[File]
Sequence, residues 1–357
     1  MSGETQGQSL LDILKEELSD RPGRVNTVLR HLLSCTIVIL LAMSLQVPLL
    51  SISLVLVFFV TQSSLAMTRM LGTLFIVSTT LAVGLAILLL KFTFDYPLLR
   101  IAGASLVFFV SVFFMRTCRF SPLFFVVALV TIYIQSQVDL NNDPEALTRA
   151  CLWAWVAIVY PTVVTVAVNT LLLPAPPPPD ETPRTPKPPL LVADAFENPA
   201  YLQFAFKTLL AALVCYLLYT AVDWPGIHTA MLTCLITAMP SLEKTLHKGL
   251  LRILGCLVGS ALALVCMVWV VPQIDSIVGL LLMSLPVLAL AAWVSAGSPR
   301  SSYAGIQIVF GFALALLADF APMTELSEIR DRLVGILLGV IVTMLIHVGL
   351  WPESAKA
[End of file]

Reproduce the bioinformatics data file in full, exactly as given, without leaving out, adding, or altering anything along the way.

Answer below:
Sequence, residues 1–357
     1  MSGETQGQSL LDILKEELSD RPGRVNTVLR HLLSCTIVIL LAMSLQVPLL
    51  SISLVLVFFV TQSSLAMTRM LGTLFIVSTT LAVGLAILLL KFTFDYPLLR
   101  IAGASLVFFV SVFFMRTCRF SPLFFVVALV TIYIQSQVDL NNDPEALTRA
   151  CLWAWVAIVY PTVVTVAVNT LLLPAPPPPD ETPRTPKPPL LVADAFENPA
   201  YLQFAFKTLL AALVCYLLYT AVDWPGIHTA MLTCLITAMP SLEKTLHKGL
   251  LRILGCLVGS ALALVCMVWV VPQIDSIVGL LLMSLPVLAL AAWVSAGSPR
   301  SSYAGIQIVF GFALALLADF APMTELSEIR DRLVGILLGV IVTMLIHVGL
   351  WPESAKA